Yesterday, as WFNY’s Scott Sargent was announcing his trial separation with the NBA Draft Lottery, I found myself nodding along in agreement as I consumed every word of it. Scott is exactly right. The Draft Lottery is the worst. It was k...
Yesterday, as WFNY’s Scott Sargent was announcing his trial separation with the NBA Draft Lottery, I found myself nodding along in agreement as I consumed every word of it. Scott is exactly right. The Draft Lottery is the worst. It was kind of fun the first couple years, dreaming of top picks and thinking about potential. In previous years I’ve spent countless hours playing the lottery machine, reading about the top 2 or 3 prospects, and dreaming of what winning the top spot would mean for the team.
But the more time you spend wallowing in the murkiness of luck, lethargy, and the tantalizing siren song of the NBA Draft Lottery, the more you realize it’s not a scene you really want to be a part of. As much as I love seeing Nick Gilbert proudly represent the city of Cleveland and the Cavaliers franchise, I’d be perfectly content if I don’t see him on TV again until it’s on a podium holding a trophy.
And thus, shortly after Nick Gilbert told the national audience that he, too, was tired of being there, the Cavaliers won the #1 pick in the draft. And in doing so, the Cavaliers opened the door to a world of options and opportunities. The team may or may not be in the lottery again next year, but you have to believe that at worst Nick Gilbert will be sitting in the top row instead of his usual front-left spot on the stage.
That’s the fun part of this. Thinking about all the options and potential for roster improvement is exciting. But the reality is, with so many options in front of him, choosing the right move is an enormous responsibility for GM Chris Grant.
Of course, there’s also a darker reality to this situation. The truth is, this is the worst draft to have the #1 pick since 2006. There’s no real, clear-cut choice at #1. The decision of who to pick at #1 will require weighing factors such as team need, injuries, immediate impact, long-term upside, etc. In most drafts, there’s an easy choice at #1. This year, it feels a little like picking the lesser of two evils.
The good news for Cavs fans is that Chris Grant has done this before. It’s easy to forget already, but just 2 years ago, Kyrie Irving wasn’t the obvious #1 pick that everyone makes him out to be today. There was a lot of debate back then about whether taking Derrick Williams first and someone like Brandon Knight 4th wasn’t the better route for the Cavaliers. Thankfully Grant and Company made the right move then, and the hope is that they make the right move now.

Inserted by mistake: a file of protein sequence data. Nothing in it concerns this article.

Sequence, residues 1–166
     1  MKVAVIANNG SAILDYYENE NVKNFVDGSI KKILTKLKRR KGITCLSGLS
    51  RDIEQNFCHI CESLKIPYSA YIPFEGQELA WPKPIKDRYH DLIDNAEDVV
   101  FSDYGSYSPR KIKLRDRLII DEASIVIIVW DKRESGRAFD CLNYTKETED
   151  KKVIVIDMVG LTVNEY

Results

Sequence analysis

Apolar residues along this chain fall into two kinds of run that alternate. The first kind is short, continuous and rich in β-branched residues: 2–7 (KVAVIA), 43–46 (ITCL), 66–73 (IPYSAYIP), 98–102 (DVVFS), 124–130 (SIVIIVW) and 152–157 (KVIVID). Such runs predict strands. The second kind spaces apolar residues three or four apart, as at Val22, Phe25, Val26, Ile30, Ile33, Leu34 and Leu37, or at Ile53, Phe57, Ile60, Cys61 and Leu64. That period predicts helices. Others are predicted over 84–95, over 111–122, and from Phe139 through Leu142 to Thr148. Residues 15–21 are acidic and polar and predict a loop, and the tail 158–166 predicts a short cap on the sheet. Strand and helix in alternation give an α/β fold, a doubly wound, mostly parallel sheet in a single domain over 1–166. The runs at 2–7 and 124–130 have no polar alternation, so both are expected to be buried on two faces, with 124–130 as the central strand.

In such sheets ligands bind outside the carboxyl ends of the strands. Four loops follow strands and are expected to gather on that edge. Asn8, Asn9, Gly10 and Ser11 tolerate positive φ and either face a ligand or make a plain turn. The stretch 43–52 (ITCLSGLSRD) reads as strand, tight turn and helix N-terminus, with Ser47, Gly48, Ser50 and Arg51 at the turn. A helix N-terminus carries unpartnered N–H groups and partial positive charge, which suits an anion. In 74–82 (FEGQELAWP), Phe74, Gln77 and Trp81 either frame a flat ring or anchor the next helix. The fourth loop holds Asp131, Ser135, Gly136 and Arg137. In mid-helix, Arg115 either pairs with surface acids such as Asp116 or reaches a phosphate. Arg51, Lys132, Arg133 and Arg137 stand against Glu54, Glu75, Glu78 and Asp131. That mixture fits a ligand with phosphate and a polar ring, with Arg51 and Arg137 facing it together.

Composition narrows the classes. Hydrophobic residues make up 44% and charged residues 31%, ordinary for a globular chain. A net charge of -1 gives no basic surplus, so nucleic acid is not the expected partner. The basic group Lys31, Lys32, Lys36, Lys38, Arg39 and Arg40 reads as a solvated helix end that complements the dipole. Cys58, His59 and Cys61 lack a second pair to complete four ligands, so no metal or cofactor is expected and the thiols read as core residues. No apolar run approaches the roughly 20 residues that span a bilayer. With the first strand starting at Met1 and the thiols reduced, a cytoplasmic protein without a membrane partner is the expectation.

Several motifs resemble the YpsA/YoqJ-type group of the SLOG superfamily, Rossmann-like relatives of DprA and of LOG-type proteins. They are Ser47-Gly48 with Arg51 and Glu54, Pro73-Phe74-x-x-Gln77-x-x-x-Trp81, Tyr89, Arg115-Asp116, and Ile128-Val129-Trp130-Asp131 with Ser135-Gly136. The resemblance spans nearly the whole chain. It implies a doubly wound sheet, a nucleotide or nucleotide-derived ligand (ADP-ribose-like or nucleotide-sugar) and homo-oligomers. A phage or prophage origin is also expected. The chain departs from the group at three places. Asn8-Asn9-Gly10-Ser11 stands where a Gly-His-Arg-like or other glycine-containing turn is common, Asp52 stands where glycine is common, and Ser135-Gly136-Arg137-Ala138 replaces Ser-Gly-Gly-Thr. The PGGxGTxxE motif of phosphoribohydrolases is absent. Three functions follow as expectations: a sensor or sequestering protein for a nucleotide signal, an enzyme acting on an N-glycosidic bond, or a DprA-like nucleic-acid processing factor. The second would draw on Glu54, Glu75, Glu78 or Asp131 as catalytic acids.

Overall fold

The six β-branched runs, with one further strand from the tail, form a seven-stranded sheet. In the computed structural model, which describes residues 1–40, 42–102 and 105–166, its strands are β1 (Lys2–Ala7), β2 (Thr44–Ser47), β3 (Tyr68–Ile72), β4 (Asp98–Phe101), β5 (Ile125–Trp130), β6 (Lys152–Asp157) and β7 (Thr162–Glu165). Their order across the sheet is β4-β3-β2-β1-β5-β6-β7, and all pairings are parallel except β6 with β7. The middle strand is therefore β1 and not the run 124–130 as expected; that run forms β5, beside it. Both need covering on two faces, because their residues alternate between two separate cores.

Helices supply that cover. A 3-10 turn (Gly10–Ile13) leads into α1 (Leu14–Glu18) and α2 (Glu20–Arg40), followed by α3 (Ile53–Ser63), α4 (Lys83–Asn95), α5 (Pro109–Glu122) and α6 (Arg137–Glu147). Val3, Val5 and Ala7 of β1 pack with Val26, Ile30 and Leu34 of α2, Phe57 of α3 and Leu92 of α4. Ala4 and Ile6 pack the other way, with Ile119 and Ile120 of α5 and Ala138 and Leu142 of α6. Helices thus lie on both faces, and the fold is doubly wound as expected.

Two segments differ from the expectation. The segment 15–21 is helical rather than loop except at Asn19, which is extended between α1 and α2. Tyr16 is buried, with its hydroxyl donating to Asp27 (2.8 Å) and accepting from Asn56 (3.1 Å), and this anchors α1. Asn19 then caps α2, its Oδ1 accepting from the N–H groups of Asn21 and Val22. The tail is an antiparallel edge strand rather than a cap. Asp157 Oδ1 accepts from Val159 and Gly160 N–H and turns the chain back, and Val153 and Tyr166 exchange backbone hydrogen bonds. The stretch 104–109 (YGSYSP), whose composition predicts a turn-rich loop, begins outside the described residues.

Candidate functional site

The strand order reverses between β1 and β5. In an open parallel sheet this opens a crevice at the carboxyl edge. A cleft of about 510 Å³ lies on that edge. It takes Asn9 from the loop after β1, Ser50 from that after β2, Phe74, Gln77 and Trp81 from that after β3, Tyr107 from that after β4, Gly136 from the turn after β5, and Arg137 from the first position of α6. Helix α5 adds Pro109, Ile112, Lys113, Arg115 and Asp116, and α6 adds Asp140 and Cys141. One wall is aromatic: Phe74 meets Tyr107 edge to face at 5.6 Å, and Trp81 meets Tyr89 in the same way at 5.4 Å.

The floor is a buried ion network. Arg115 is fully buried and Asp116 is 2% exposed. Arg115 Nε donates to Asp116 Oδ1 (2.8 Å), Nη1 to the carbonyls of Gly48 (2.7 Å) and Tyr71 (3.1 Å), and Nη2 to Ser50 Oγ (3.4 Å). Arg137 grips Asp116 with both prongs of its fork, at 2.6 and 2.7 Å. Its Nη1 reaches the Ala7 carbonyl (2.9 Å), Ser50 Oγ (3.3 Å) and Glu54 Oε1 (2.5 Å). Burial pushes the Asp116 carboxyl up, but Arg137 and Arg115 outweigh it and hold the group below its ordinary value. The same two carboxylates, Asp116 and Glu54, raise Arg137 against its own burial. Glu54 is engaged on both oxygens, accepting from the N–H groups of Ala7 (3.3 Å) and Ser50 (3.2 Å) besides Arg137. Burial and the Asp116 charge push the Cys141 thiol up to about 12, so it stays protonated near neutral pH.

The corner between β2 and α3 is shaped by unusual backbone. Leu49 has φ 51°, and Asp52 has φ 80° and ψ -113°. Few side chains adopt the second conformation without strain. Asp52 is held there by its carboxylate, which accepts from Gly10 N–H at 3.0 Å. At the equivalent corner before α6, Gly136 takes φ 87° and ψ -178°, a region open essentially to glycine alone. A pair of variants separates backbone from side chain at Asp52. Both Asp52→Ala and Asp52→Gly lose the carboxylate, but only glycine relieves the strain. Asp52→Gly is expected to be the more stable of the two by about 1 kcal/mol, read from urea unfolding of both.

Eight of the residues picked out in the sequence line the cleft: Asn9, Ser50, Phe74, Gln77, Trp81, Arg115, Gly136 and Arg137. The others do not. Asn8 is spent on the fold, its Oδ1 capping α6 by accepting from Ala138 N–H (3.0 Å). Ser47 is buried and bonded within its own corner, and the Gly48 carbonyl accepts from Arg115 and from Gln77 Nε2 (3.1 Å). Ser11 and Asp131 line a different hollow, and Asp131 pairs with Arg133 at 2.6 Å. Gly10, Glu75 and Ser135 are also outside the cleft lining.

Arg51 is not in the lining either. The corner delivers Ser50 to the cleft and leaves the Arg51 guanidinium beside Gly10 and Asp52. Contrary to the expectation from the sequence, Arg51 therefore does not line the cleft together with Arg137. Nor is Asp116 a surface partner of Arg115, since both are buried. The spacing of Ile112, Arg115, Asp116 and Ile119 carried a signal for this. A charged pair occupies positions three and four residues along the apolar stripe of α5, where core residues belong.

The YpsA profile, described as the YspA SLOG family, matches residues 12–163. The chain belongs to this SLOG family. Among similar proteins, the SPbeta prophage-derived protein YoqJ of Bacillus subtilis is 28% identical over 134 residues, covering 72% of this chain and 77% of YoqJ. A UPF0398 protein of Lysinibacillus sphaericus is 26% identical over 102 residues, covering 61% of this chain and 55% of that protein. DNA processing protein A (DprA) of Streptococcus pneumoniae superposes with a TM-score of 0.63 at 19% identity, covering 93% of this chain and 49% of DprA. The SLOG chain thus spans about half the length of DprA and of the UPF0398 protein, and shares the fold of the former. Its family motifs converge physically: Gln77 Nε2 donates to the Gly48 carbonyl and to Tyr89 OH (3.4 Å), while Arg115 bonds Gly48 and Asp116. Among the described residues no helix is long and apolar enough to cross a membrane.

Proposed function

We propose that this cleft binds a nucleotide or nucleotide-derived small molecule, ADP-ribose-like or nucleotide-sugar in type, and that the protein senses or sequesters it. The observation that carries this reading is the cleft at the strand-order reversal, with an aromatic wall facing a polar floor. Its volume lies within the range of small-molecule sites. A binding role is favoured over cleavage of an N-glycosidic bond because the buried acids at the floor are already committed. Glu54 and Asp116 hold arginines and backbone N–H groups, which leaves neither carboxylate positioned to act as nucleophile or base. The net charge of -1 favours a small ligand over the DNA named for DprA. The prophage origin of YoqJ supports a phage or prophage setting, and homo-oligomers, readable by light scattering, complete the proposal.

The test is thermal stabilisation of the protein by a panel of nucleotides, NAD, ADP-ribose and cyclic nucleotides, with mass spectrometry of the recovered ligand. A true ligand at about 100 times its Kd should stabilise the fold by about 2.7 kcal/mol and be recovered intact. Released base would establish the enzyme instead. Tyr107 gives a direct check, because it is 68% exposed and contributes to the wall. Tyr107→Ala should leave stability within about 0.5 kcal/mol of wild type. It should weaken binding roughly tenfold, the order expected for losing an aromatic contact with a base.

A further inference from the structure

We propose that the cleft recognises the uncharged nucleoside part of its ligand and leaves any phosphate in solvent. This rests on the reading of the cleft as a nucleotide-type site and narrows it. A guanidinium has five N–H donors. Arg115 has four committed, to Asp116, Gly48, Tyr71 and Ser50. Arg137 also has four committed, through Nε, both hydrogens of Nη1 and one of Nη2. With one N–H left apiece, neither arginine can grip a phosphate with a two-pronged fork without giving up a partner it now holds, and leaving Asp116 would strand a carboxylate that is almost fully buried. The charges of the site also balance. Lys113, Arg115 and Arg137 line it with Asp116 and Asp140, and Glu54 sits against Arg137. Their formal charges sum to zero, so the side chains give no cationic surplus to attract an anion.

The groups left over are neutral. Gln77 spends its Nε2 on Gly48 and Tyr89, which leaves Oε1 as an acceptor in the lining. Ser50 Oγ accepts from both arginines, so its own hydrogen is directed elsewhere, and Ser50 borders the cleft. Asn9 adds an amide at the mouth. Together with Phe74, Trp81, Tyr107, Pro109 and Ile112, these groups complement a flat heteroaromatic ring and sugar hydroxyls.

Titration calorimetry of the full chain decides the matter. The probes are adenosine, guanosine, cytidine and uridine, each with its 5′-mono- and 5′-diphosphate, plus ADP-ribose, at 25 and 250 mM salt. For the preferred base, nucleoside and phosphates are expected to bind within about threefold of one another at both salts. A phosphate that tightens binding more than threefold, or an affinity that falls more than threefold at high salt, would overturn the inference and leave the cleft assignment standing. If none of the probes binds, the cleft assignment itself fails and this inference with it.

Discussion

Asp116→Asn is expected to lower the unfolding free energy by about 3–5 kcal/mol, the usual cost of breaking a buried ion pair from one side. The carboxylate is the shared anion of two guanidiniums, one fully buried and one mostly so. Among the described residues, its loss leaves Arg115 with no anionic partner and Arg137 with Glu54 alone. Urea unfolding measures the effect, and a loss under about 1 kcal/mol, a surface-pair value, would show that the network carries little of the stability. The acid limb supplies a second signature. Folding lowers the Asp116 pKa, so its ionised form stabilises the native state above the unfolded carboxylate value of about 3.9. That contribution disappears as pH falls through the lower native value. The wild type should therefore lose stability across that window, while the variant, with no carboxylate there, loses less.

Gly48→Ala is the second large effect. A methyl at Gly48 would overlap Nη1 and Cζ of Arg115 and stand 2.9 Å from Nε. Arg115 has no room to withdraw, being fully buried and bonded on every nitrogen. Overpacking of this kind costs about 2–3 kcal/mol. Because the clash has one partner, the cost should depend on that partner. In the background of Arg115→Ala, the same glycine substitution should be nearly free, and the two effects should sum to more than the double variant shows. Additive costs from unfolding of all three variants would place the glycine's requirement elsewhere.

But what is the right move for the Cavaliers? That’s a tricky question. In some ways, winning this lottery almost feels like a cruel joke, because the best fit for the Cavaliers right now, at this moment in time, is probably Otto Porter. Porter, of course, would be considered a reach at #1. But Porter fits the biggest immediate need. As a SF, he is a solid two-way player who can help space the floor a bit on offense while buying in to Mike Brown’s defensive scheme. But does Porter have the highest long-term upside? Probably not.
The player with the most potential and brightest future might be Ben McLemore. But McLemore isn’t a need for this team right now. Drafting a SG in the top 4 of the draft in back to back seasons is a bitter pill to swallow, even if McLemore is the best player available and the smartest pick 1 .
The consensus #1 prospect, however, seems to be Nerlens Noel. With Anderson Varejao getting older and constantly being considered in trade rumors, selecting the center of the future is appealing. And Noel’s raw defensive ability is mesmerizing. But his wire-thin frame is an enormous concern. I’m uncomfortable with the amount of footage I’ve seen of Noel being abused in the post by NBA prospects like Mason Plumlee and Alex Len. Preying on mediocre collegiate talent by using your superior athleticism is one thing, but banging in the post with the NBA’s elite centers when you weigh 206 pounds is a completely different beast. And then there’s also Noel’s surprisingly abysmal offensive skillset. Noel